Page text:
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How To Become An Exterminator

If you’re interested in helping people deal with insects, rodents, and other pests, becoming an exterminator might be the career path for you.

how to become an exterminator in the kitchen
Average Salary
$37,540
Career Outlook
Very good
10% growth through 2030
Certifications/Licenses
Licensing required in most states
Education/Training

What Does An Exterminator or Pest Control Technician Do?

Exterminators, who are also called Pest Control Technicians or Pest Control Workers, are professionals that deal with pest related issues in homes and commercial establishments. They provide pest control services to help remove bugs, rodents and other critters from locations where they do not belong.

A pest control technician’s daily routine involves surveying a location, creating and executing the best pest control plan, and teaching clients how to protect their property against future infestations. From rodent control to termite control, you never know what a new day can bring when you become a pest control technician!

General pest control specialist duties and responsibilities include:

  • Remove unwanted posts
  • Offer the appropriate pest control solutions based on the type of pest problem
  • Eliminating pest entry points
  • Cleaning work sites after job completion
  • Calibrating equipment
  • Providing pricing estimates
  • Fumigation, potentially on a large scale
  • Properly disposing of all chemicals in accordance with the law and best practices
  • Returning to a job site for pesticide or trap reapplication

Some might even offer roadkill collection services to homeowners and the local government.

How To Become An Exterminator

Pest control standards and training differ from those of other blue-collar businesses.

Exterminators regularly handle toxic substances and dangerous tools, so proper training and education are necessary to ensure maximum safety–both your client’s and your own.

Basic Requirements

  • Must be at least 18 years of age
  • Valid and clean drivers license
  • High school diploma or GED

Education Requirements or On The Job Training

You can receive pest control training in some community colleges, technical schools or a pest control training program.

Courses cover pesticide formulations and modes of action, state and federal laws and regulations, emergency procedures, how to properly handle misapplications and spills, basic  pesticide safety, and a survey of non-chemical pest control techniques.

Keep in mind that the education requirements vary from state to state; your instructors will go over these with you.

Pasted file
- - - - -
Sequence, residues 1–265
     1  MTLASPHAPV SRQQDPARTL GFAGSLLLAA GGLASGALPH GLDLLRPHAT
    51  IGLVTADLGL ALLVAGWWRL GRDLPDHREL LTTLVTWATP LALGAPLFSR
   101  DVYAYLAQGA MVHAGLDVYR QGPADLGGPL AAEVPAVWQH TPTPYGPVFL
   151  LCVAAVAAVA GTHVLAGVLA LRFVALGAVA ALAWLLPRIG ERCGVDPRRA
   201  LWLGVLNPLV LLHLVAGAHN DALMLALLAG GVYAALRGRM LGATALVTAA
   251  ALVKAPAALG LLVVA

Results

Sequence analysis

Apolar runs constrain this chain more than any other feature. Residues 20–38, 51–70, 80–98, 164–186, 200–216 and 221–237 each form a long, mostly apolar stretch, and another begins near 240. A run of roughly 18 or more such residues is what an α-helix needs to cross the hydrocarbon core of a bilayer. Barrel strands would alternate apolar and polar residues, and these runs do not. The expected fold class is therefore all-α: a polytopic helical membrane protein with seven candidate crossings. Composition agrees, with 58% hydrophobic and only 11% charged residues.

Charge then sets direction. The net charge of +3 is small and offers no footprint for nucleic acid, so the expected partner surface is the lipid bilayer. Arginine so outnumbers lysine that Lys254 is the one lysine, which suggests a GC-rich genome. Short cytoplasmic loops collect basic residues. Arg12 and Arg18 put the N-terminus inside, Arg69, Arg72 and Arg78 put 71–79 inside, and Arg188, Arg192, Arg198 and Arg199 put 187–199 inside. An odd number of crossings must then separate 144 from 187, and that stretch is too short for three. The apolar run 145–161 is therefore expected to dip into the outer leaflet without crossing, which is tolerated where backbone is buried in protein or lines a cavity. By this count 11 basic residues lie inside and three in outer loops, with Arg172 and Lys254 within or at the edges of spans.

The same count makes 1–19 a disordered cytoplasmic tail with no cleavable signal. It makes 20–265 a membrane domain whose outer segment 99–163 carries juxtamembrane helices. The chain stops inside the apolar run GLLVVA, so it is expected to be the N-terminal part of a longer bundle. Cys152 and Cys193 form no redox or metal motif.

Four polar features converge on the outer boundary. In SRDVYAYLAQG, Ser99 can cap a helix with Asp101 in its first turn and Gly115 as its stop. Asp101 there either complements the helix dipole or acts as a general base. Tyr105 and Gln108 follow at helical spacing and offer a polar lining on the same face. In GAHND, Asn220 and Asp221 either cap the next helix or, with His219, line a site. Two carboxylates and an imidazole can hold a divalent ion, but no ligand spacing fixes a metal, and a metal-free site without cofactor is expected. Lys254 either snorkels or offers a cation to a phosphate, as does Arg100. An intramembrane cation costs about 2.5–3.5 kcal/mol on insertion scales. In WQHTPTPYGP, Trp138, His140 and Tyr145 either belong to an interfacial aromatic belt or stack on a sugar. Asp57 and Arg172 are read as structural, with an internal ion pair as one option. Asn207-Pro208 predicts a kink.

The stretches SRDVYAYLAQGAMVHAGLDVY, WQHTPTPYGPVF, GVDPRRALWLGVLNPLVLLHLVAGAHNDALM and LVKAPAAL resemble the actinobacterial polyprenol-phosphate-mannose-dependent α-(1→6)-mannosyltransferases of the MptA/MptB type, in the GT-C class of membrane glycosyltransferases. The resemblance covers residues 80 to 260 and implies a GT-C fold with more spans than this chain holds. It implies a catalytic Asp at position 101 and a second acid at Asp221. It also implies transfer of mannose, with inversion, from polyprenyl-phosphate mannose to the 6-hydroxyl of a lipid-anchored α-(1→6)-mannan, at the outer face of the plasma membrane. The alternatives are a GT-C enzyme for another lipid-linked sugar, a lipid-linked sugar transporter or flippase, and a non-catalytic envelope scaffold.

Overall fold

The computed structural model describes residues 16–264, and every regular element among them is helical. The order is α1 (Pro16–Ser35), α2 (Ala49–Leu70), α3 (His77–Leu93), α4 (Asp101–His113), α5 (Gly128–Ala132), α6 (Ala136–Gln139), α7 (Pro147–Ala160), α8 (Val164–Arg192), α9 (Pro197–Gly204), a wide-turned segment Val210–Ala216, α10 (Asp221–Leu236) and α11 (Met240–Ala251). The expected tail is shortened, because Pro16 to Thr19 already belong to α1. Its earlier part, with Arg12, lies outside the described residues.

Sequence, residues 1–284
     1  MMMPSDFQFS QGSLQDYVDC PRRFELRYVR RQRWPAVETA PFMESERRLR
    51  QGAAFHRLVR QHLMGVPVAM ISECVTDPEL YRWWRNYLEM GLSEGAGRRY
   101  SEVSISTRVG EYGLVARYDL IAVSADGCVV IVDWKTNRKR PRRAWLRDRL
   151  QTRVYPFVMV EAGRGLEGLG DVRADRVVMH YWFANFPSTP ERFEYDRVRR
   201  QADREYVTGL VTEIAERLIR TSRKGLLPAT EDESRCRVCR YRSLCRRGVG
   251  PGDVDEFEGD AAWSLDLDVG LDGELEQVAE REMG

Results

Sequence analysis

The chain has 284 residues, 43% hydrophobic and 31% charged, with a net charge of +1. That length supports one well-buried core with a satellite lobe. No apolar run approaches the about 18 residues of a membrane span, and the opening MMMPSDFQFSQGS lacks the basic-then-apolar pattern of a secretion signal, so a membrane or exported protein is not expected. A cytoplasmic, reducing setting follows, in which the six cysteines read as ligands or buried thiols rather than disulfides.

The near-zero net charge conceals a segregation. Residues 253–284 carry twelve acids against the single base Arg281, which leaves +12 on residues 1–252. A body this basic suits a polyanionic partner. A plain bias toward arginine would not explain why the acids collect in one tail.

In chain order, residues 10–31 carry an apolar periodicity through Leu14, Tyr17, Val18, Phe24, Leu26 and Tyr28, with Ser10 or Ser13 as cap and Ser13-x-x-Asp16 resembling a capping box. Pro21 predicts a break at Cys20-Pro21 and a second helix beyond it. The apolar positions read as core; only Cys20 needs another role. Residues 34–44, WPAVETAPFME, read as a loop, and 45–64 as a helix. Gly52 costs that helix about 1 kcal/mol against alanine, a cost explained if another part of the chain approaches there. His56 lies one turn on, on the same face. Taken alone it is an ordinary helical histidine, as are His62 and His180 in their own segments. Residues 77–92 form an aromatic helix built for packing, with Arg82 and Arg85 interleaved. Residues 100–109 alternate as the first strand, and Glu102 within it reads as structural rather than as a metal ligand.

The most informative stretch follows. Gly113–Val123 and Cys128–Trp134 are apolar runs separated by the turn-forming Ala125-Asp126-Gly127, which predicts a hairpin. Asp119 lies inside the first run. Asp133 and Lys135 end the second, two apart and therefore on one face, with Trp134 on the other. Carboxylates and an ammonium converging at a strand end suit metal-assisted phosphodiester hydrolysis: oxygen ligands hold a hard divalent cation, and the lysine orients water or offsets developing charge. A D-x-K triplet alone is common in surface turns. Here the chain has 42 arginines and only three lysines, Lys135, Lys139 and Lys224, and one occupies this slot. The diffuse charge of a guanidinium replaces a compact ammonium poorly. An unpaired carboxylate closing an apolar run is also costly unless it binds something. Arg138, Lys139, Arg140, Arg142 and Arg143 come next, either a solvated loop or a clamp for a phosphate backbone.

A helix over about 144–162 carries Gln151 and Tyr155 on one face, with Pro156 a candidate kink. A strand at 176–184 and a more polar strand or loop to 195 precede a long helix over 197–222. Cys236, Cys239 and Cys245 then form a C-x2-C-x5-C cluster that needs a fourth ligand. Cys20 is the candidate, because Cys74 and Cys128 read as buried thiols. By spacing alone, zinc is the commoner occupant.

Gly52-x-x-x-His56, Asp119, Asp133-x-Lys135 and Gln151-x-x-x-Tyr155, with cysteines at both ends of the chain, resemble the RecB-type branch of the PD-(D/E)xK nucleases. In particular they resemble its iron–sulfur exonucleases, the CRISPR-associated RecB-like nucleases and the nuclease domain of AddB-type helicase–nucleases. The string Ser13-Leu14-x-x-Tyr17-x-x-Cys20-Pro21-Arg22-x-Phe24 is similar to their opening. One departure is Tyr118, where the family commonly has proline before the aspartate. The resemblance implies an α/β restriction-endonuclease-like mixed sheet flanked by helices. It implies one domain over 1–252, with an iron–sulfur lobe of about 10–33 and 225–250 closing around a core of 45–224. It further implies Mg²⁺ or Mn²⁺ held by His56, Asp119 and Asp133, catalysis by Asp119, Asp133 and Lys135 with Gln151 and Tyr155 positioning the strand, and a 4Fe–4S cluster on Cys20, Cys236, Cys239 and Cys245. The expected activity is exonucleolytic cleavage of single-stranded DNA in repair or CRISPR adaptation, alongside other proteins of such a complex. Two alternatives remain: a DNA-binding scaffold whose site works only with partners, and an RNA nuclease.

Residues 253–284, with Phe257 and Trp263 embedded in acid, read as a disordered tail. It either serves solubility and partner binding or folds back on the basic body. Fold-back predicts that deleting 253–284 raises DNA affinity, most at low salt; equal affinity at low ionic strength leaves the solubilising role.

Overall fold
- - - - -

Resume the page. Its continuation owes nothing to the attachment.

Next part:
Internship/Apprenticeship

You can enter a formal training contract with an employer as an intern or apprentice for some hands-on experience. This is the perfect time to learn practical skills on the job, and undertake structured routines with registered professionals. Training takes between one and three months depending on the employer, although some training periods can last as long as six months. 

Starting out as an intern can also help you make important connections with people within the pest control industry, thus securing you a more stable career path in the future. 

Testing/Certification

You must pass a certification or licensure exam before you can become a professional exterminator. In addition to the initial certification, pest control workers must also attend continuing education courses every few years in order to renew their licenses. This process involves learning the latest techniques in the trade and staying on top of evolving regulations. 

Of course, you can also choose to expand your skill set and specialize in different types of pest control. Many programs and certifications provide in-depth and comprehensive overviews of various pest control sub-specializations, such as:

  • Pesticides, which are  commonly used in the eradication of pests such as arthropods, bed bugs, and cockroaches. When used correctly, pesticides are fast-acting and effective, especially in small spaces like houses and apartments.
  • Fumigation is another common pest control technique.Exterminators mostly use fumigation for small to medium-sized pest infestations. 
  • Traps and poisoned bait. For vermin like mice and rats – and even some insects and reptiles- traps and poison are the best way to go. 

Many courses also cover specific methods of tackling rodents, cockroaches, termites, and more. These certifications are particularly useful if you tailor them to local pest needs.

Licensing

Exterminators in all US states are required to be licensed. Each state has its own specific requirements for licensing.

Recommended Skills For Exterminators

Being able to receive pest control training is only one part of finding success in working for a pest control company. Having the right skill set is another part. There are certain skills and traits that will make you stand out as a great employee or applicant.